You're being manipulated.
Every single line of that student's statement contains some sort of appeal to pity or other trope.
The whole thing is a red flag large enough to mount to the back of a CCP motorcade.
I am here at this college on a soccer scholarship.
Casually mentioning financial hardship...the corollary to humble-bragging.
I am the oldest of 4 and I am from Southern California.
Implied dependency: won't you think of the children? They'll be so disappointed if you let me fail!
I am not intelligent.
Self-deprecation: disarming tactic meant to lower your expectations.
I understand that high school is easier than college.
Classic! Telling you exactly what you want to hear is what puts the "con[fidence]" in con-artist.
I've seen Reddit grifters angling for some chump to send them a new iPhone try this too-- "I know I need to be more responsible with [whatever], but..."
GoFundMe is also rife with this sort of rhetoric. Despite raising thousands of dollars for cat chemo or whatever, the money always goes to a bunch of other unaccounted-for nonsense that's totally beyond their control-- and now the grifter starts a second round of funding to deal with the cat. "For real this time, guys. Anything helps."
But I was a straight As in high school and I want you to know that I'm a hard worker.
Fall from grace, and a disingenuous one.
He's clearly a new student and presumably part of the COVID generation, where teachers struggling to adapt to remote-teaching handed out As to students who bothered to show up to Zoom meetings. This is no fault of his, but grade inflation may have inappropriately qualified him for admission. He is not above exploiting it nonetheless.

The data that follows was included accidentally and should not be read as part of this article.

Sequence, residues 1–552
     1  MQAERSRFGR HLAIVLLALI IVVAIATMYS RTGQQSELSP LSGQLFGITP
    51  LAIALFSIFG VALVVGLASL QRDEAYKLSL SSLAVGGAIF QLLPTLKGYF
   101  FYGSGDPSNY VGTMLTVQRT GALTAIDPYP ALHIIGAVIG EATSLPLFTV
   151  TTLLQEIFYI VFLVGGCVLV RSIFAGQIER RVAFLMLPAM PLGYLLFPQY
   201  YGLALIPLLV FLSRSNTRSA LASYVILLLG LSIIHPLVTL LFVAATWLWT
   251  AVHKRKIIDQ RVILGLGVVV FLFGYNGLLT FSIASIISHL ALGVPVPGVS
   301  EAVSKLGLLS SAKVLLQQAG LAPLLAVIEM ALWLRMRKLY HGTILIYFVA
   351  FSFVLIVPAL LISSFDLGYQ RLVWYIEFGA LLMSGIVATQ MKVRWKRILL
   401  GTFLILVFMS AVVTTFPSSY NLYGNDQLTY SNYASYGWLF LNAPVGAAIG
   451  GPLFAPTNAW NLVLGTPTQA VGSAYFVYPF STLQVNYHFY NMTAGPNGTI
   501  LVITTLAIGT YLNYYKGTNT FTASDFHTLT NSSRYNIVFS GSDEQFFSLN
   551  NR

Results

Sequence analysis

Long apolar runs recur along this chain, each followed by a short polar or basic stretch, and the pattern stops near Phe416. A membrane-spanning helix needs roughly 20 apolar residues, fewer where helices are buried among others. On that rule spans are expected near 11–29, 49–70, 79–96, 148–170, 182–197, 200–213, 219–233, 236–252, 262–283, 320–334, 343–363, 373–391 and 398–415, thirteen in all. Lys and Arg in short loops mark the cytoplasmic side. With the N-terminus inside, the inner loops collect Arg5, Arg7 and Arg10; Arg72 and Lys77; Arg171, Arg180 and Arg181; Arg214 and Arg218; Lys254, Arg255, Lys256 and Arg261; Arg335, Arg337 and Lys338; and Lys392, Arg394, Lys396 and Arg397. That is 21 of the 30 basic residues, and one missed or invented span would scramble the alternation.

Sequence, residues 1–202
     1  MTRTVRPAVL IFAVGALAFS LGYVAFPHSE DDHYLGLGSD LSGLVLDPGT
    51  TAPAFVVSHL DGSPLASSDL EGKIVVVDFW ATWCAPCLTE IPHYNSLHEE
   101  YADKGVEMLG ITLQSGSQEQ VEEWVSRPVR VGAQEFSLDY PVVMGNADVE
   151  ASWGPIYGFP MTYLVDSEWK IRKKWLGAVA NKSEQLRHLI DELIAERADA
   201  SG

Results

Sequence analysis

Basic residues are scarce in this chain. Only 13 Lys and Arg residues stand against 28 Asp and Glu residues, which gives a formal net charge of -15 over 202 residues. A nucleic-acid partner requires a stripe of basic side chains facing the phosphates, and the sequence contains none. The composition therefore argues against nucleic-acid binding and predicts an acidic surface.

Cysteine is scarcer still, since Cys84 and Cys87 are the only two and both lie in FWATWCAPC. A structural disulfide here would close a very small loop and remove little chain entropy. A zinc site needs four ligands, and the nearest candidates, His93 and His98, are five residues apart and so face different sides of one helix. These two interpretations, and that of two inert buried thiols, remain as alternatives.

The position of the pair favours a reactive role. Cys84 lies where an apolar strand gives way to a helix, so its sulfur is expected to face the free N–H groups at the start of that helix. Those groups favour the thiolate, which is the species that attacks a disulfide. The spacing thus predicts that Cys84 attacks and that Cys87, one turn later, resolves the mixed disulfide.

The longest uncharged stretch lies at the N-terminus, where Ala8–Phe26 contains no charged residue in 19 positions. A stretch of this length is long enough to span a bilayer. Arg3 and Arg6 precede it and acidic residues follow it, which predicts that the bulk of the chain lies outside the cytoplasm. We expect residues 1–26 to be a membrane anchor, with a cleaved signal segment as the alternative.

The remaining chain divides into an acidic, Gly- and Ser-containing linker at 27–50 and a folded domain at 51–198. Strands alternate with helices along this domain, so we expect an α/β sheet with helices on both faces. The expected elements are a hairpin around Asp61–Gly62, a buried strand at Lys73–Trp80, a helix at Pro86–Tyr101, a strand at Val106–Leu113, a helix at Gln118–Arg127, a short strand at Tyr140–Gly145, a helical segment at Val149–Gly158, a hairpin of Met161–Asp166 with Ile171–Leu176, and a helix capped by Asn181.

He says he's a hard worker. His grades so far suggest otherwise, but the only evidence in his favor is "just trust me, bro."
After I failed the first exam. I did all I could to improve my grade by getting a D on the second exam. I don't know what else more I can do.
Desperation. "All I could"? "What else more I can do"?
Sparse on evidence/details, so immediately suspect omission. Ex: a statement like 'I spent twice as long studying' might be factually true, but omits the fact that he went from studying for 5 minutes the night before the test...to 10.
It's well-crafted enough to tickle your sympathy nerve without telling any outright lies you can hold him accountable for later. He's even cautious enough to not ask you for anything specific-- he's fishing to see what you're willing to offer.
This is a bad time to extend charity or sympathy to anybody under the age of 25. An entire generation that's had years to rehearse these acts are now bringing them to production outside of high school. Some of them make it as far as the workplace, where they eventually cross my desk.
Do not give in. You'll be expected to do so again in the future (for him, if not the friends he'll direct your way for easy negotiation), and when you finally put your foot down, you'll find yourself on the receiving end of a (false or exaggerated) discrimination or workplace violence complaint.